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History of China

Dynasty Capital
2953
2852
2698 Three Sovereigns
2698 2195 Five Emperors
2205
2200
1766
1750
Xia / Hsia
1766
1750
(1523)
1122
1100
(1027)
Shang or Yin Zhengzhou [Chengchow]
Anyang
1100
(1027)
771 Western Zhou Chang'an (Xi'an)
771 256 Eastern Zhou Luoyang
722 481 Spring and Autumn Period
403 221 Contending States
221 206 Qin / Ch'in Chang'an (Xi'an)
202 9 Western Han Chang'an (Xi'an)
25 220 Eastern Han Luoyang
220 581 Six Dynasties
581 618 Sui Chang'an (Xi'an)
618 906 Tang / T'ang Chang'an (Xi'an)
907 960 Five Dynasties and Ten Kingdoms
960 1126 Northern Song Kaifeng
1127 1279 Southern Song Hangzhou / Hangchow
1271 1368 Yuan (Mongol) Beijing
1368 1644 Ming Nanjing
1644 1912 Qing / Ch'ing (Manchu) Beijing
1912 1949 Republic Nanjing
1949 People's Republic Beijing

China, the empire in the center and east of continental Asia, was called by the western Mongols, Cathay. The name Cathay holds a great place in geographical history from the Fourteenth to the Sixteenth Century. It appears to have been introduced into Europe by Jean Plan Carpin, and by the Brabantine monk, Rubruquis, or Ruisbrock (1253), who attributed it to ancient China of which it was the Mongol name. According to Yule, Khitai was the appellation of a Tartar people who conquered the north-east of China in the Eleventh Century, and founded there an Empire that was long prosperous. The Mongol invasions of the Thirteenth Century put an end to this Empire ; but the name Khitai, corrupted into Cathay, stuck to China.

By the Manchu Tartars it was called Nikan Kourn; and by the Chinese Tchoung-koue, the last term meaning the Central Kingdom (Duhalde, Hist, of China, p. 1), also Tchoung-kuo, the Empire of the Centre. According to M. Hue (i. pp. 349-350), the Chinese also name it Tchoung-hoa, or Flower of the Centre; alao Tien-hia, the Beneath the Heavens, or the world, as the Romans called their dominions Orbis. The name most in use is Tchoung-koue. It is also, however, called Tang-shan, the Hills of Tang (the name of one of their most celebrated dynasties). The present reiguing family has given it the name of Tat-sing-kouo, the Empire of Great Purity; and in government proclamations, especially in those addressed to BarbarianB, it is often caUed Tien-chao, the Celestial Empire. Other figurative appellations are Tchoung-thang and Tien-chao, Heaven's Empire. The natives call themselves Chung-kuo - teih - jin, men of the middle kingdom; also Han-jin and Tang-jin, men of Han or of Tang (from the dynasties of those names).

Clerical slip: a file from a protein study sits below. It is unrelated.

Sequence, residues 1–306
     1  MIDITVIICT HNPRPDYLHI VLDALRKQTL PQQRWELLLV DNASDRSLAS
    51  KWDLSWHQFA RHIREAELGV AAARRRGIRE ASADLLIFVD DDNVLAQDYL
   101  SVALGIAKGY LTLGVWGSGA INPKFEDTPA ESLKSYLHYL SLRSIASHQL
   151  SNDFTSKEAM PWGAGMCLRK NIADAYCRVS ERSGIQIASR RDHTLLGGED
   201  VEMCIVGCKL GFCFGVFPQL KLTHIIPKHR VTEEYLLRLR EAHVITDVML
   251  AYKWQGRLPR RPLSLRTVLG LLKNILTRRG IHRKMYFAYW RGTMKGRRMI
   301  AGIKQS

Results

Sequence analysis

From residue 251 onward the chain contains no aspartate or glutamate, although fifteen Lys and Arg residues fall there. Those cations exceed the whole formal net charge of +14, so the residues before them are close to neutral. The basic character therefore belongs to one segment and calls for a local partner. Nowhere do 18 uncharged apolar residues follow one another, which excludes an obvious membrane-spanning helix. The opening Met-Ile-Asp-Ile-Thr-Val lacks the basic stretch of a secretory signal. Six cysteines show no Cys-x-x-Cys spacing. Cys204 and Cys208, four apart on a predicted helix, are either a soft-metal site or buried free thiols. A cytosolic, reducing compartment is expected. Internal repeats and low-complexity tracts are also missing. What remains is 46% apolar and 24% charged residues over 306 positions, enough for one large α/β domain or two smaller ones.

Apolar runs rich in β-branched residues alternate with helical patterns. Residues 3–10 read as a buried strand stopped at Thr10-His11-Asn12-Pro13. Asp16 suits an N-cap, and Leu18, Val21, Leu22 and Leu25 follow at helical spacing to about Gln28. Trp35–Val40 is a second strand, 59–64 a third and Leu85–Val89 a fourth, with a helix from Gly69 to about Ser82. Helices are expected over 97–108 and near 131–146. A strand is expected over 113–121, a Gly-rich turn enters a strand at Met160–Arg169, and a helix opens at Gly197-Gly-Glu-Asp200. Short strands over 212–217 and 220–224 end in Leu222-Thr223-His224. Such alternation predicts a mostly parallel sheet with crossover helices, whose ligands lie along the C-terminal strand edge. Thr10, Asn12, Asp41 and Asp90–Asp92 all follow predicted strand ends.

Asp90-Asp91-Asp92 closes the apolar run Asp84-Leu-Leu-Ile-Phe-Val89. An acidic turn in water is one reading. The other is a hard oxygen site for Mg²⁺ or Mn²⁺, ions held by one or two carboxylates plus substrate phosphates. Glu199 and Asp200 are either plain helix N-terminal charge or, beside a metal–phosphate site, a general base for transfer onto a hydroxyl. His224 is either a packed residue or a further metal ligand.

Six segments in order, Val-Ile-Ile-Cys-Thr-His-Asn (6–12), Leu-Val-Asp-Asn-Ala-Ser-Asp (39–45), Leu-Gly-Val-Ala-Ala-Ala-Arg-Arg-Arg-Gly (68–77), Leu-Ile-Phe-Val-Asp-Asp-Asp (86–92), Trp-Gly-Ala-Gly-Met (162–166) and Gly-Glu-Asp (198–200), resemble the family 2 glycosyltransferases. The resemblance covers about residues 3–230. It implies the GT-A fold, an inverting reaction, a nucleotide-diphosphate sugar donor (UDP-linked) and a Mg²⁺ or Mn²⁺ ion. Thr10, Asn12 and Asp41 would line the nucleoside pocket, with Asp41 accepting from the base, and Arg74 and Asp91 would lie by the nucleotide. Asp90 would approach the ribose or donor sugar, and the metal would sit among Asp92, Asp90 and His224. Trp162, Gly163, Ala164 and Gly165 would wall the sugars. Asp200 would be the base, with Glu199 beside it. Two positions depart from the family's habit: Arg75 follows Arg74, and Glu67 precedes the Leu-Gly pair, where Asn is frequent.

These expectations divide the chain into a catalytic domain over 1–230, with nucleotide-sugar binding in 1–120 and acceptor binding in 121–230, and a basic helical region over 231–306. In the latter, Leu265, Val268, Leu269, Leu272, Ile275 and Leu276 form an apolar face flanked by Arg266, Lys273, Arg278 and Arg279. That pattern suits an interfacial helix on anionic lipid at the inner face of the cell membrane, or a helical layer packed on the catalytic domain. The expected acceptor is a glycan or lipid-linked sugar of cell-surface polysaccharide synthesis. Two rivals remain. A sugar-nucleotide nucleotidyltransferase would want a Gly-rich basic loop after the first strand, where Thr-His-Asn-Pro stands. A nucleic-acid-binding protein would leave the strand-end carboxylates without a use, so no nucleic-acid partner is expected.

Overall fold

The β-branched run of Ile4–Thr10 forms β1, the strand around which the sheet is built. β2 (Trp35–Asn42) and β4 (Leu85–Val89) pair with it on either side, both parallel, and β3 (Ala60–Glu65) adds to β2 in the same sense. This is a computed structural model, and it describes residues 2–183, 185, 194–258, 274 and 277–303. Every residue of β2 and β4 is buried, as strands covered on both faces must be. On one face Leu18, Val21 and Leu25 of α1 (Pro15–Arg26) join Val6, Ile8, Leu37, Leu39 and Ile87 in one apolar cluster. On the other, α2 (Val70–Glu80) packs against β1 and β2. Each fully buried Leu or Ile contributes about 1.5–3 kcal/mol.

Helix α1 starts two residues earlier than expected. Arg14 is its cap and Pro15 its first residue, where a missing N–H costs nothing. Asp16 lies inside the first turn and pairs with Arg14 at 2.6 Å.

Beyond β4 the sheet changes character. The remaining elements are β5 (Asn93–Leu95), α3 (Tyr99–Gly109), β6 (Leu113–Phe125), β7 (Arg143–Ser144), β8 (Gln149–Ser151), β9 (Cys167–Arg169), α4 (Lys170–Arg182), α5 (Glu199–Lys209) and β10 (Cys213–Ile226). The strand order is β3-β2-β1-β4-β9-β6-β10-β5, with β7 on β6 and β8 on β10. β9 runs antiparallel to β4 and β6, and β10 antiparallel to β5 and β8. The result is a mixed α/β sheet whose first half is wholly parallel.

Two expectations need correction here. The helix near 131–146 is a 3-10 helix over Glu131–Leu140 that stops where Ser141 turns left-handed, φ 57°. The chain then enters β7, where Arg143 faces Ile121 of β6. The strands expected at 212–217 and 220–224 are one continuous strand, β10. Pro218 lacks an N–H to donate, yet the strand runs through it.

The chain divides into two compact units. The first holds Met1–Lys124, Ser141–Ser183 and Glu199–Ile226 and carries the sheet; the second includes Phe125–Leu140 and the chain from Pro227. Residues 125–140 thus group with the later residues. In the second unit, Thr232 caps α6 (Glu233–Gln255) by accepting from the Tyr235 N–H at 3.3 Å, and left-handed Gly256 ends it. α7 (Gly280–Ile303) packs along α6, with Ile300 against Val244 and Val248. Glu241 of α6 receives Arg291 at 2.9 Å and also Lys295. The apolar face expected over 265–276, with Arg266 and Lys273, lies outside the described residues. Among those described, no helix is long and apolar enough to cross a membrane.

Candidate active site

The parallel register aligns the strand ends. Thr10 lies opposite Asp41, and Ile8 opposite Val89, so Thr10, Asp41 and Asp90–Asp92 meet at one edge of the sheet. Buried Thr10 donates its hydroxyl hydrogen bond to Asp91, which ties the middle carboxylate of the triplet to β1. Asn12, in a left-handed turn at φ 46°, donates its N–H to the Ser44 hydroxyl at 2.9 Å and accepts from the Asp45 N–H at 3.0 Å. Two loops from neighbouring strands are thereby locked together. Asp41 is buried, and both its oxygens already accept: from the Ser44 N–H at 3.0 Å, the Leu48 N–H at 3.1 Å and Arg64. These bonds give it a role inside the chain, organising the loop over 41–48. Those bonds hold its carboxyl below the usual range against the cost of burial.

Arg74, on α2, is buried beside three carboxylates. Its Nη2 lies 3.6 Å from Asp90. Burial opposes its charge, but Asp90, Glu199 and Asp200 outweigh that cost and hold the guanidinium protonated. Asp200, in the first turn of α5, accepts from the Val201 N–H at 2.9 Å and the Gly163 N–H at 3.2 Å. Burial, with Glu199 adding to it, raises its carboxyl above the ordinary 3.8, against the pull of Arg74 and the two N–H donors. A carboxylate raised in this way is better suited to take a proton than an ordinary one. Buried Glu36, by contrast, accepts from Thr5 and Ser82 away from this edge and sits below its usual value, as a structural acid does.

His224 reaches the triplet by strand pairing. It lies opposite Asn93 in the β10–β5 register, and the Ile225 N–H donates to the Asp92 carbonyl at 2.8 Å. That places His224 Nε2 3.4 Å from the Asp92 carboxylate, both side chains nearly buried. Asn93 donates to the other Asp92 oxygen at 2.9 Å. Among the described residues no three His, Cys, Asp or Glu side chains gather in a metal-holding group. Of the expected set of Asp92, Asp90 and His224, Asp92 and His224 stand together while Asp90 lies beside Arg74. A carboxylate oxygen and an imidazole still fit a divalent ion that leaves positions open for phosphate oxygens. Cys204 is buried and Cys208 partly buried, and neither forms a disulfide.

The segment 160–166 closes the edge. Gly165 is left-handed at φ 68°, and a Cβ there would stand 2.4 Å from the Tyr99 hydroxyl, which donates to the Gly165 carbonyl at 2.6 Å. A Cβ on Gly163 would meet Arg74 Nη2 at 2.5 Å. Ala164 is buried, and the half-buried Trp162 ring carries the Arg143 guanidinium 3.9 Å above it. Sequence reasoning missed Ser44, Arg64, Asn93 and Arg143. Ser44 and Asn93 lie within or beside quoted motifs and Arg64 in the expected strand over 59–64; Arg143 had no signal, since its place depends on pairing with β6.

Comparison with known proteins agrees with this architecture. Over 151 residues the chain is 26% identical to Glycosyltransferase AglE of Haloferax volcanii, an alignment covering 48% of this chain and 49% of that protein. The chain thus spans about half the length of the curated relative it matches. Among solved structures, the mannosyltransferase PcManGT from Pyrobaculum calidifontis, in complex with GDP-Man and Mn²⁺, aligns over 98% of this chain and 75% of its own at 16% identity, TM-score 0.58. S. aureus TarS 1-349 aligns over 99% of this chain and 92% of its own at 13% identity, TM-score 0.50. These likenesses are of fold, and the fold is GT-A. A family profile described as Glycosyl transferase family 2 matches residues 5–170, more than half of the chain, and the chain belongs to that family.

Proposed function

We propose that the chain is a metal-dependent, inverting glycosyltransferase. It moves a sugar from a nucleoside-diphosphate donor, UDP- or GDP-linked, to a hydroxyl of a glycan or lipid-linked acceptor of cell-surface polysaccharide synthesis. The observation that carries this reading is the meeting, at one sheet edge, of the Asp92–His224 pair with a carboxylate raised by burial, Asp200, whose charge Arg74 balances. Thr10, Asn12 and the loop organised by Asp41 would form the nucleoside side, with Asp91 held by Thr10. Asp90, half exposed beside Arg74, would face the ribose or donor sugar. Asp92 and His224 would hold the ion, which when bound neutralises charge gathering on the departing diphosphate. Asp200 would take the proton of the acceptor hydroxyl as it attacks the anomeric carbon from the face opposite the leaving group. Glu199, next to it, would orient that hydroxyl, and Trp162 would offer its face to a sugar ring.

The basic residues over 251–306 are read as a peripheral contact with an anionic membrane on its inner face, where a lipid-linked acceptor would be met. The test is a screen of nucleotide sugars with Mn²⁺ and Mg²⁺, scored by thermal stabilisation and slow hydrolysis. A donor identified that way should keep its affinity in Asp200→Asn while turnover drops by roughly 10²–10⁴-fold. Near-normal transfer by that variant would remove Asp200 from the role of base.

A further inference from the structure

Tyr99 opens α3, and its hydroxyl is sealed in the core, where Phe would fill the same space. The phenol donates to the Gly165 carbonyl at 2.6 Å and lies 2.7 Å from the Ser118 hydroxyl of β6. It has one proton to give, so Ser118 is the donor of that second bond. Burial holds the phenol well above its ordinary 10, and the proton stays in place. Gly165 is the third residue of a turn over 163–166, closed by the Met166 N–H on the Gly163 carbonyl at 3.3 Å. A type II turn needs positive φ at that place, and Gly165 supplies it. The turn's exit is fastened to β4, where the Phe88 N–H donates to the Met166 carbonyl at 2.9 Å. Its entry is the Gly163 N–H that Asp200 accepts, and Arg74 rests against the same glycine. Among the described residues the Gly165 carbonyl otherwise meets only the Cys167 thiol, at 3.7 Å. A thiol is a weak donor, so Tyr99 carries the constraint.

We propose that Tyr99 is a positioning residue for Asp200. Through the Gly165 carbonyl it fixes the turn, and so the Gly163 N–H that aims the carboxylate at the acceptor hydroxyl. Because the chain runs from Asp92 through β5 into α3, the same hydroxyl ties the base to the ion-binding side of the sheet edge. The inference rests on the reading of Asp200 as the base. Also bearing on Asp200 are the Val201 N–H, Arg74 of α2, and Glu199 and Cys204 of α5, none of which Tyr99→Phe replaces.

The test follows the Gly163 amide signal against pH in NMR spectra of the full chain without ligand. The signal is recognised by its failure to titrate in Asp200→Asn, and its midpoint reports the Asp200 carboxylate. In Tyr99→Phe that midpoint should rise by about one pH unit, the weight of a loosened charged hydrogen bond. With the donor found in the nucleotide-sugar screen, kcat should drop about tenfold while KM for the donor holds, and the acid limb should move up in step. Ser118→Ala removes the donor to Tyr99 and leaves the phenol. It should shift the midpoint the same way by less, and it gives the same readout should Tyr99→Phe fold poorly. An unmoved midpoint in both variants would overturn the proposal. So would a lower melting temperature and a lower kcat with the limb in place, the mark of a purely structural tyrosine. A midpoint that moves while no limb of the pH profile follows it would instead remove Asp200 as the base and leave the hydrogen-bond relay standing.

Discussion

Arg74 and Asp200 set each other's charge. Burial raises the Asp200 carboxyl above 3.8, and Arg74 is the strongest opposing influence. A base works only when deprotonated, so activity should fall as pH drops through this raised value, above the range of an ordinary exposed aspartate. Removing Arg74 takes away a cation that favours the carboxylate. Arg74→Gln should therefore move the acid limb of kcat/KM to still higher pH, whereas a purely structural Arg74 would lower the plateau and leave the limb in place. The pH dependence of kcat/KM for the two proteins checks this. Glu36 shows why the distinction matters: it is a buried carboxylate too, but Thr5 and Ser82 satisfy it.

The country more generally is called China, presumably on account of the Ts'in dynasty, under which it became better known to the nations of the West. This name underwent various tranformations such as: Jin, Chin, Sinu, China. The Romans called it Serica or the silk-producing land. In the Middle-Ages, it received the name of Cathay. It is also known as the Flowery Kingdom (Hwa-kwoh) and the Celestial Kindgom. The Chinese are often called Hanjen, men of Han, this being the name of a celebrated dynasty, and in times past as the Celestials.

Chinese historians living in later periods were accustomed to the notion of one dynasty succeeding another, but the actual political situation in early China is known to have been much more complicated. Hence, as some scholars of China suggest, the Xia and the Shang can possibly refer to political entities that existed concurrently, just as the early Zhou, is known to have existed at the same time as the Shang.

Chinese history is frequently said to reach back nearly 5000 years, but this is a claim that requires more than a little qualification. The subtext is the China is the oldest civilization [or at least that there are none older], and therefore the most senior. In Eqypt, the "Scorpion King" is directly attested by contemporaneous records dating from around 3100 BC, and Egypt has a more or less continous written history since that time. During the first period of history, the territory that "China" controlled was still quite small. Political structures were still relatively primitive and the traditional imperial pattern of government had not yet emerged. Disunity, fighting between local leaders and decentralized power were all very common.

The origins of Chinese writing are obscure and debated. The first proven uses of cuneiform to denote the sounds of the Sumerian language appear in clay tablets dating to about 3100 BC. Writing seems to have been borrowed by the Egyptians from the Sumerians shortly after 3000BC, when Egyptian hieroglyphic writing appears suddenly. The earliest known form of true writing in China dates from the Shang dynasty. These "oracle bone" inscriptions on animal bones and tortoise shells date from 1200 BC-1045 BC, considerably later than for Sumerian writing.

The Great Seal Style of calligraphy includes a broad range of styles which emerged during the Chou dynasty (1122-221 BC). In 221 BC the first emperor of China ordered that the writing system be standardized. This script was later known as the Small Seal Style. During the Han dynasty (207 BC-220 AD), the Small Seal Style was surpassed by another script which could be written more easily with a brush, which became known as the Clerical Style.

China's three remote dynasties Xia, Shang and Zhou, are regarded as the start of China's history of 5,000 years. But there are no primary sources of the history of the Xia, and the Shang records are fragmentary and provide essentially nothing in way of a narrative history. The earliest widely accepted date of Chinese history is BC 841, in Sima Qian's Record of History. The first half of the Chinese civilization remains a mysterious and hot topic among world historians.



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